Your Blood Can Tell You About Your Pain

By Tiffany Rowe.

Pain can come in myriad forms, from burning to pinching to stinging to aching. Doctors can diagnose different issues using these differences in sensation – but only if patients can accurately describe how their pain feels.

Chronic pain patients have intimate knowledge of their discomfort; most spend every moment becoming more familiar with their hurt. Unfortunately, chronic pain patients can’t always explain their agony well enough for physicians to make diagnoses on descriptions alone. Thus, doctors must turn to other test for determining what could be wrong – like blood tests.

Your blood isn’t just a means of transporting oxygen and nutrients around your body. Your blood also carries important information about your health, and by testing your blood, doctors might be able to identify the source of your chronic pain. Here are a few common blood tests that often help chronic pain sufferers find relief:

Thyroid conditions are often difficult to diagnose because the thyroid affects nearly every system in your body. As a result, different thyroid sufferers experience vastly different symptoms, many of which are attributed to other issues. In addition to your pain, if you are experiencing changes in appetite, bowel troubles, skin and hair conditions, fluctuations in weight, or difficulty feeling awake or focused, it is worthwhile to find a walk-in clinic offering blood tests for thyroid issues.

CRP stands for C-Reactive Protein, which is a substance the body produces in the liver to respond to inflammation. As you might surmise, having high quantities of CRP in your blood indicates that you have an abundance of swelling, which can not only cause stiffness and pain but also threaten your life. If your doctor can’t identify obvious sources of inflammation, a CRP test might be critical for finding evidence of dangerous inflammation in and around your heart.

Your erythrocyte sedimentation rate (ESR), also often called your sed rate, is another test for inflammation. Like the CRP, the ESR test will determine whether you have inflammation in your body, but it can also be used to track the severity of your inflammation. Typically, doctors run CRP and ESR tests at the same time to obtain a full picture of your body’s inflammation response.

Vitamin D
Chronic pain rarely encourages sufferers to spend time outside, but your time indoors might be a major contributing factor to your pain. Your body synthesizes vitamin D when your skin is exposed to sunlight, and a long-term lack of vitamin D increases your risk of death from cardiovascular disease, cancer, asthma, and cognitive disease. Achiness (or chronic pain) accompanied by a loss of ambition, sadness, and weight gain is a good reason to get a vitamin D test. Fortunately, the remedy for vitamin D deficiency is relatively simple: go outside often and drink more milk.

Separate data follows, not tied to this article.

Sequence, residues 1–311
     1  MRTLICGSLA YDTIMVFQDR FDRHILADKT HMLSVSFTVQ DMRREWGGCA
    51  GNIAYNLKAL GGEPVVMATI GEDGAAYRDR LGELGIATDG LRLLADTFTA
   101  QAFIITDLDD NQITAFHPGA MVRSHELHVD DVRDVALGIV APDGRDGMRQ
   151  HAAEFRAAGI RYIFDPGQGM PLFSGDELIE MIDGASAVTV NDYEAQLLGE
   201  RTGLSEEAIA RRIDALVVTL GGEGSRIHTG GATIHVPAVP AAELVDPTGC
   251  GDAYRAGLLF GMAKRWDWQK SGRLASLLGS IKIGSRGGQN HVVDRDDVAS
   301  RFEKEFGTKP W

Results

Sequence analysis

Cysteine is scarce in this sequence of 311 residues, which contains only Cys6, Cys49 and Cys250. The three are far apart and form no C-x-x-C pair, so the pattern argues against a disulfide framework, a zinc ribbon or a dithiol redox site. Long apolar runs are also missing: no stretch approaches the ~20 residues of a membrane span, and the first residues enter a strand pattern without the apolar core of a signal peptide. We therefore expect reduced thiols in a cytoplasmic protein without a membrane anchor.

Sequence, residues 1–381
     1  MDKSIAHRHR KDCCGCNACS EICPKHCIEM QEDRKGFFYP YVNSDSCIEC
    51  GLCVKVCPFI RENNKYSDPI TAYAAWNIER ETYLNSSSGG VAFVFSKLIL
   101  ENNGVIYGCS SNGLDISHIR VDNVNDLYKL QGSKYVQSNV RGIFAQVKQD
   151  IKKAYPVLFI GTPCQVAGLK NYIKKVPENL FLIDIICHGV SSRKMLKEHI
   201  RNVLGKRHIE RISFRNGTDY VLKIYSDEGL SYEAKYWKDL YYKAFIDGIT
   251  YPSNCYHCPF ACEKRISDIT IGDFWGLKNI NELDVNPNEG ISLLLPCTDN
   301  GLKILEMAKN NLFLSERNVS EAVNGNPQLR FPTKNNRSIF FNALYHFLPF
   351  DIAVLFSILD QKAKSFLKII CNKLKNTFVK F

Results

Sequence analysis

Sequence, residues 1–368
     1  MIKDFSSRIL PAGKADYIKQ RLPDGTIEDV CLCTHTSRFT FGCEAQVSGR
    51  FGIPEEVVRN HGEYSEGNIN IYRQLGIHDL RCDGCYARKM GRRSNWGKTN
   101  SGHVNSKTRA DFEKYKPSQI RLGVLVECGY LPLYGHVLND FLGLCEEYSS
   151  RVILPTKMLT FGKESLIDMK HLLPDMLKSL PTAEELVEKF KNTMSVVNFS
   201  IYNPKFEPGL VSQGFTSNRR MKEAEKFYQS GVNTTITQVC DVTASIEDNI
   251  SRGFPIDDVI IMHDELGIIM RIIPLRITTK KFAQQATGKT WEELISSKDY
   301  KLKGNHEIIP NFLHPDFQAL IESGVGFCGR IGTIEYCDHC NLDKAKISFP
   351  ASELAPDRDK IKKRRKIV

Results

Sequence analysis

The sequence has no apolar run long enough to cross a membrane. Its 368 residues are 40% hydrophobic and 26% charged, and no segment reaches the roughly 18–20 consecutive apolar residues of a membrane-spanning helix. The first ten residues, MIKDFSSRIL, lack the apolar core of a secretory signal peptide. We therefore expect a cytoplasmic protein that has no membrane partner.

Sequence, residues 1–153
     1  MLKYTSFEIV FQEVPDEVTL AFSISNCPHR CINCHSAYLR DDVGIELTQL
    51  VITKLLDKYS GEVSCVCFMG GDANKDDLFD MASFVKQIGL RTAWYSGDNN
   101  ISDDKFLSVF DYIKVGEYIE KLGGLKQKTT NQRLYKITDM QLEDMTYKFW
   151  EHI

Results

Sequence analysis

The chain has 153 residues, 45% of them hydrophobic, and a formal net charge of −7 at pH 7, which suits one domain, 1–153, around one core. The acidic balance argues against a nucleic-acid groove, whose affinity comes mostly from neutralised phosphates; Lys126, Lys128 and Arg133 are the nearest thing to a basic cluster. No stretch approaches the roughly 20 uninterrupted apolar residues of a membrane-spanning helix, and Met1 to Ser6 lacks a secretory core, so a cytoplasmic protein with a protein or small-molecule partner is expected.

Vitamin B-12
B-12 is a difficult vitamin for most people to obtain sufficient amounts of, and if you don’t eat red meat or you enjoy a few alcoholic drinks every day, you might be suffering from a B-12 deficiency. Unfortunately, B-12 is vital for several important bodily functions, especially those of the nervous system, and an insufficient amount of B-12 has serious, long-term consequences. The sensation of pins and needles at different extremities, difficulty moving, and pale skin should send you to this blood test, fast.

Folic Acid
Another B vitamin, folic acid assists the body in producing essentially all the blood cells your body relies on to spread oxygen and nutrients throughout your body. Women are often familiar with folic acid because it is a primary prenatal vitamin, but women are also more likely to be deficient in folic acid. Fortunately, a test for B-12 will also test for folic acid levels.

Magnesium is on the fast-track to become the latest and greatest cure-all – like turmeric was just a few months ago – but unlike other fad health treatments, the body needs magnesium. Without enough magnesium, your body had difficulty using other minerals, like calcium and potassium, which results in improper muscle and nerve function as well as erratic blood pressure and blood sugar levels. Still, too much magnesium has equally severe consequences, so before you self-medicate with magnesium-rich foods and supplements, you should get a blood test.

Though women are often lauded for a higher pain tolerance, in reality, men are better equipped to combat pain thanks to their greater levels of testosterone. Still, men and women experiencing chronic pain might have unnaturally low testosterone, which requires treatment to rectify. Understanding your testosterone level requires a relatively simple blood test which will likely look for other hormone imbalances, as well.

Tiffany Rowe lives in Las Vegas and blogs on a number of topics and works with